The weekly Eastern States cattle kill declined a further 7 percent last week due to earlier well-documented plant closures and sluggish international beef demand.
The NLRS slaughter report issued yesterday afternoon for the week ended Friday, July 15 produced an adult kill figure of 121,199 head, down from 129,956 a week earlier.
The report covers the three major eastern beef producing states plus South Australia and Tasmania.
Queensland showed the least change of all states last week, but only because it’s big decline in slaughter throughput had already occurred a week previous, when it was down 11pc on earlier kills. Queensland’s tally for last week was 66,635 head, a modest 1pc rise on the week ended July 8.
There were consistent declines in all other states. The kill in New South Wales last week reached 34,014 head, down 9pc on the previous seven-day cycle. The decline was due to a ‘general easing’ in throughput numbers at most plants, rather than individual closures, NLRS personnel said yesterday.
Victoria’s kill also declined a further 2pc last week, to 16,650 head, while Tasmania was back 5pc to 3367.
South Australia was a special case last week, with an unusual decline of 91pc in weekly kill to just 533 head. This can be explained by the fact that the state’s two major export abattoirs were both shut for refurbishment and/or annual maintenance. Teys Brothers’ Naracoorte plant has been shut for two weeks due to a plant upgrade and general maintenance, while T&R Pastoral’s Murray Bridge plant was also closed for scheduled annual maintenance.
As one of Australia’s largest multi-species plants, the loss of T&R Murray Bridge last week was also clearly reflected in savage declines in SA’s sheep kill (down 65pc) and lamb kill (down 28pc). Murray Bridge is due to re-open on Tuesday this week, company sources said yesterday.
As reported on Beef Central earlier, JBS Australia’s Beef City grainfed plant near Toowoomba in southern Queensland yesterday ended its two-week closure due to adverse trading conditions for grainfed beef in Japan. While this will potentially lift Queensland’s kill tally for the current week in progress, other large abattoirs around the state and further south continue to skip shifts, to better match supply and demand.
Nippon’s Wingham plant in NSW will miss one or two days this week, company sources said, however the company’s large Oakey plant has yet to skip shifts, due to committed grainfed supply programs.
As a result it does not look like Queensland will go near its ‘full’ weekly kill of about 78,000 for some considerable time yet.
Processors continue to write disastrous losses on grainfed export cattle, and little better on grassfed export stock.
In a breakeven calculation published on Beef Central last week, it was shown that forward-contracted 100-day product closing-out on July 13 (going on feed in April as feeders worth 205c) carried a breakeven of about 400c/kg, which represented a breathtaking $285 per head loss to processors in today’s market, based on a current spot price of 325c. That figure, alone, demonstrated the extreme pain export processors handling grainfed product are currently experiencing.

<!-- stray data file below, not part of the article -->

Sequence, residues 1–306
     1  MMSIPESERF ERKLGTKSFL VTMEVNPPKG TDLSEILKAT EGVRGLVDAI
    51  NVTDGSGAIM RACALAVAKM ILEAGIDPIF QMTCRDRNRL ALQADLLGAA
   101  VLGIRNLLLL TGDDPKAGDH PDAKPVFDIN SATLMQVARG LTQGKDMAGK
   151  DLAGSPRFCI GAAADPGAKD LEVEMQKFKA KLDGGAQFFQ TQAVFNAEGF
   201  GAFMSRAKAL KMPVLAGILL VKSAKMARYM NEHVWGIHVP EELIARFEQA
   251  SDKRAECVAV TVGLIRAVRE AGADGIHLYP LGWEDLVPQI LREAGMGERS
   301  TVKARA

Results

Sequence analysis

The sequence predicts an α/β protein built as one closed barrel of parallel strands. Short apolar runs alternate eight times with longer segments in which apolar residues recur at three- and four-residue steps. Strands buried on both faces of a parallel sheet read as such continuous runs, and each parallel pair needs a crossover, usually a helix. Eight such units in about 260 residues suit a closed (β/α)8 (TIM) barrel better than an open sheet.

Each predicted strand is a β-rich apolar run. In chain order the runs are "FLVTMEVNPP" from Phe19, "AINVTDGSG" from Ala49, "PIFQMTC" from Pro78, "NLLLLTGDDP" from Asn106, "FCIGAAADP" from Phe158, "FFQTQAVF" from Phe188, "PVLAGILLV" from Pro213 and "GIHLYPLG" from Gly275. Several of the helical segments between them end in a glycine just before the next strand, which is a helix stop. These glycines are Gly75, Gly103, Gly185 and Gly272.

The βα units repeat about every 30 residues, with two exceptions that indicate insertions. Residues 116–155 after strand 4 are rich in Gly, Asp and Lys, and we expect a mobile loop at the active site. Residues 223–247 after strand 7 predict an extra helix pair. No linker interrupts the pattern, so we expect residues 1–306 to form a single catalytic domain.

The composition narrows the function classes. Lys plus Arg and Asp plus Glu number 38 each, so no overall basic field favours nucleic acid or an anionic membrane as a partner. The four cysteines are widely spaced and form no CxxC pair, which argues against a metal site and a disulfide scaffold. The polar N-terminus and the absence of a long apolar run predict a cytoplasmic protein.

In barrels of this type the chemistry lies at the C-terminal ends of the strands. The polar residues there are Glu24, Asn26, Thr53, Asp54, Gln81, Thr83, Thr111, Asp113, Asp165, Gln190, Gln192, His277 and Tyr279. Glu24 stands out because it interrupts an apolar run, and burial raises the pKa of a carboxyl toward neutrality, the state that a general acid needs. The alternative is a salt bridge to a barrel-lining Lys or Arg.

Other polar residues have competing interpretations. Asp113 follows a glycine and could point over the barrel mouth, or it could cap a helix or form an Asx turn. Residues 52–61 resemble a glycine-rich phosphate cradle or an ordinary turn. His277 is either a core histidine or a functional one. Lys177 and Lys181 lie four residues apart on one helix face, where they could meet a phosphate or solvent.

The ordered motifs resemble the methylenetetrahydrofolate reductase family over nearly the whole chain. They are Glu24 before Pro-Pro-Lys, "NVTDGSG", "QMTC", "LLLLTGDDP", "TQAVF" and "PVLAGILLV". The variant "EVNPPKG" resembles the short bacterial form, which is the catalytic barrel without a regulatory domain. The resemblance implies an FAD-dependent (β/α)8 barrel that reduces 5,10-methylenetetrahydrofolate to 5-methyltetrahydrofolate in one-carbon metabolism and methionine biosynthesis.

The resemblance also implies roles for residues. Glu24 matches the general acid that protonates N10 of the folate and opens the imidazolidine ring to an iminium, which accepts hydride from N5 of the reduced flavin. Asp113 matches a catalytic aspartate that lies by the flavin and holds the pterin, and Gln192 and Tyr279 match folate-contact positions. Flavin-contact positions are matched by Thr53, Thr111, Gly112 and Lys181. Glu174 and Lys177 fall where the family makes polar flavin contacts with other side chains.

“The recent temporary closures of grainfed plants will not change the pricing dynamic for grainfed beef one bit,” one processor said.
“The Japanese and other customers knew that those cattle were not going anywhere – they’re still in the feedlots, and are current for processing. We might not like it, but processors are probably paying the price for paying too much for forward-priced grainfed cattle five months ago,” the processor said.
The big build-up of meat in domestic cold storage as a result of the difficulty in selling meat into sluggish Japanese and US export markets was still weighing heavily on the overall trade. There was still a long way to go to reach supply/demand balance, a respected meat trader said this week.
Eastern states saleyard throughput at MLA's NLRS reported markets was back 17pc last week compared with a week earlier, and 10pc year-on-year, with turnoff consistently lower across all states.
Queensland saleyards numbers were back by 29pc – mainly due to numbers halving at Roma after a particularly large yarding the previous week. Throughput was consistently lower in NSW markets apart from CTLX, which resulted in an 8pc fall in supply. Victorian throughput was back, while supply across SA markets contracted by 32pc.
As reported in Beef Central on Friday, livestock producers and meatworks buyers are engaged in a stand-off, with neither party overly keen to trade cattle given the current market conditions and mixed demand signals. Flat demand in key export markets has seen processors and feedlots ease rates over the past six weeks, and these signals are motivating cattlemen to hold on to cattle where possible, waiting for the cycle to change.
- The Eastern Young Cattle Indicator closed yesterday at 376.5c, up 1.5c from a week earlier.
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